Reaction dynamics analysis of an E. coli protein translation system by computational modeling

Conference Dates

September 24-28, 2017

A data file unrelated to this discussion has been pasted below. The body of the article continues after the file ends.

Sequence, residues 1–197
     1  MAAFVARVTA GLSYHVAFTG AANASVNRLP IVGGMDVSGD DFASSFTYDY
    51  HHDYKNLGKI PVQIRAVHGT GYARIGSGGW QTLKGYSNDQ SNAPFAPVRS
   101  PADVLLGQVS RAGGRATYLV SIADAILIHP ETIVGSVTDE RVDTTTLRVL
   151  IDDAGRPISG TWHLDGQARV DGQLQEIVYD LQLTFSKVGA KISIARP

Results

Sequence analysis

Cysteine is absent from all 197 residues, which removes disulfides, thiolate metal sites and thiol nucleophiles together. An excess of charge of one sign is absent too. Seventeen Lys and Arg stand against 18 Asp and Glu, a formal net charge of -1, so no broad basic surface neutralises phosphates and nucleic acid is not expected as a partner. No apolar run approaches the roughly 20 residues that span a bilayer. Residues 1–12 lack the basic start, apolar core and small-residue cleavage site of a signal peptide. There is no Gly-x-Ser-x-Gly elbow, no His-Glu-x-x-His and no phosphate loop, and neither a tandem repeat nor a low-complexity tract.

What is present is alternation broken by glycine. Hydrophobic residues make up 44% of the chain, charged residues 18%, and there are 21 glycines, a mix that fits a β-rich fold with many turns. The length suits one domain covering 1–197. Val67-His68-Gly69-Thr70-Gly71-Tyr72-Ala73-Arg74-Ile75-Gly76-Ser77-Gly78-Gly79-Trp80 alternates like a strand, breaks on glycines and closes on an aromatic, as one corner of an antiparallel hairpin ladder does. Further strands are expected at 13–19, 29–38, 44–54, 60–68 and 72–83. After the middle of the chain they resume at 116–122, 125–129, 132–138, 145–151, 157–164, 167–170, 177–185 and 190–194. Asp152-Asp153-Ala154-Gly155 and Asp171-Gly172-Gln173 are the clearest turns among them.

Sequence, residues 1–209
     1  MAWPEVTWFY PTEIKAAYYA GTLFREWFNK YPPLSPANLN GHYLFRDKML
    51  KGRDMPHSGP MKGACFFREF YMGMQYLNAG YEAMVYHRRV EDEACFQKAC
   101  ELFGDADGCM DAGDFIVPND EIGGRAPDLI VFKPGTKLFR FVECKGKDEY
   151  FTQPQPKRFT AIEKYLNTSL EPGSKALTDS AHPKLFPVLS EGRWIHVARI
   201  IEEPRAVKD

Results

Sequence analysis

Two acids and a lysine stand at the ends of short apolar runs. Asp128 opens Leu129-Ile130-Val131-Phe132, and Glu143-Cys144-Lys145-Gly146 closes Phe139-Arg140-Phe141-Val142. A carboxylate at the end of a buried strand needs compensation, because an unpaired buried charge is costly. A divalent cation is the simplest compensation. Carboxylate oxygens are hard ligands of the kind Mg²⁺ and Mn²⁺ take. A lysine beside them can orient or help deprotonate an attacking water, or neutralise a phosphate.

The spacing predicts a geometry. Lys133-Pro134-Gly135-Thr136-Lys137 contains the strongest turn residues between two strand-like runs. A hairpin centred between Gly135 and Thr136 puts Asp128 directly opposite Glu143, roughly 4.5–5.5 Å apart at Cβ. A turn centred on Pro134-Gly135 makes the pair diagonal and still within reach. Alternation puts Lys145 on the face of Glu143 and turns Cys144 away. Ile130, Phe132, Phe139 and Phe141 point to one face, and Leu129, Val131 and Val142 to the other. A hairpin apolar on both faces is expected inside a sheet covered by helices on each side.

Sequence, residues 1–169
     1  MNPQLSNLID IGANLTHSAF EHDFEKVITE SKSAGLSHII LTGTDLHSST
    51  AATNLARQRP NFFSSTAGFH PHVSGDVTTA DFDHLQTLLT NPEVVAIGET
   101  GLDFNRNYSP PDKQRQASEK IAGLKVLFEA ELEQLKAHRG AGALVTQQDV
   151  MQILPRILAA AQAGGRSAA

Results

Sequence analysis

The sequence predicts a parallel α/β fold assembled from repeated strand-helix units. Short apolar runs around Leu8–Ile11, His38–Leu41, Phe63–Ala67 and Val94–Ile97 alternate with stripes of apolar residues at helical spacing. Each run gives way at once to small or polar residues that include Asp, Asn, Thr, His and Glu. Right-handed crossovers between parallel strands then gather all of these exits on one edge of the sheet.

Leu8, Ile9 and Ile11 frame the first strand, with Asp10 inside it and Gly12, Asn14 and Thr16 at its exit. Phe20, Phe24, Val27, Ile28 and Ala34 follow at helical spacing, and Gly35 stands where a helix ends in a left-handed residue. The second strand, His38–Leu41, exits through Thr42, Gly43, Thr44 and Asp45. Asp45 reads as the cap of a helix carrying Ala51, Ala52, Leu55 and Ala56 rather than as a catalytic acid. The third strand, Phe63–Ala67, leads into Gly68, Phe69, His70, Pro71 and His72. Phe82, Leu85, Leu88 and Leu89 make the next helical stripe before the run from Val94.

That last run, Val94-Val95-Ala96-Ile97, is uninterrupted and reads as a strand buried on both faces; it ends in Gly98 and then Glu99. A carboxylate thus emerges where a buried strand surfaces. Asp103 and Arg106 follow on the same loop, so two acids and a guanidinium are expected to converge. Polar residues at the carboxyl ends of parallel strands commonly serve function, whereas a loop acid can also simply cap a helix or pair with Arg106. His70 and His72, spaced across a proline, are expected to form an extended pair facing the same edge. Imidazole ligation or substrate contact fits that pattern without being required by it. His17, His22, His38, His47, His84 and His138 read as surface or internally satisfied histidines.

A single enzymatic reaction can often be described by Michaelis-Menten kinetics, but once reactions are connected to one other, it becomes difficult to understand and capture a complete description of the reaction dynamics due to its high dimensionality. To elucidate the dynamic features of a biologically relevant large-scale reaction network, we constructed a computational model of minimal protein synthesis consisting of 241 components and 968 reactions that synthesize the Met-Gly-Gly (MGG) peptide based on an Escherichia coli-based reconstituted in vitro translation (IVT) system [1]. We performed a simulation using parameters collected primarily from the literature and found that the rate of MGG peptide synthesis becomes nearly constant in minutes, thus achieving a steady-state similar to experimental observations. In addition, concentration changes to 70% of the components, including intermediates, reached a plateau in a few minutes. However, the concentration change of each component exhibits several temporal plateaus, or a quasi-stationary state (QSS), before reaching the final plateau. To understand the complex dynamics, we focused on whether the components reached a QSS, mapped the arrangement of components in a QSS in the entire reaction network structure and investigated time-dependent changes. We found that components in a QSS form clusters that grow over time but not in a linear fashion and that this process involves the collapse and regrowth of clusters before the formation of a final large single cluster. These observations might commonly occur in other large-scale biological reaction networks. This developed analysis might be useful for understanding large-scale enzymatic reactions, thereby extracting the characteristics of the reaction network, including phase transitions. As the reconstituted IVT has been used for various applications inducing directed evolution of membrane proteins [2,3], the developed computational model might be useful in further enhancement of the yield of synthesized proteins using the reconstituted IVT.

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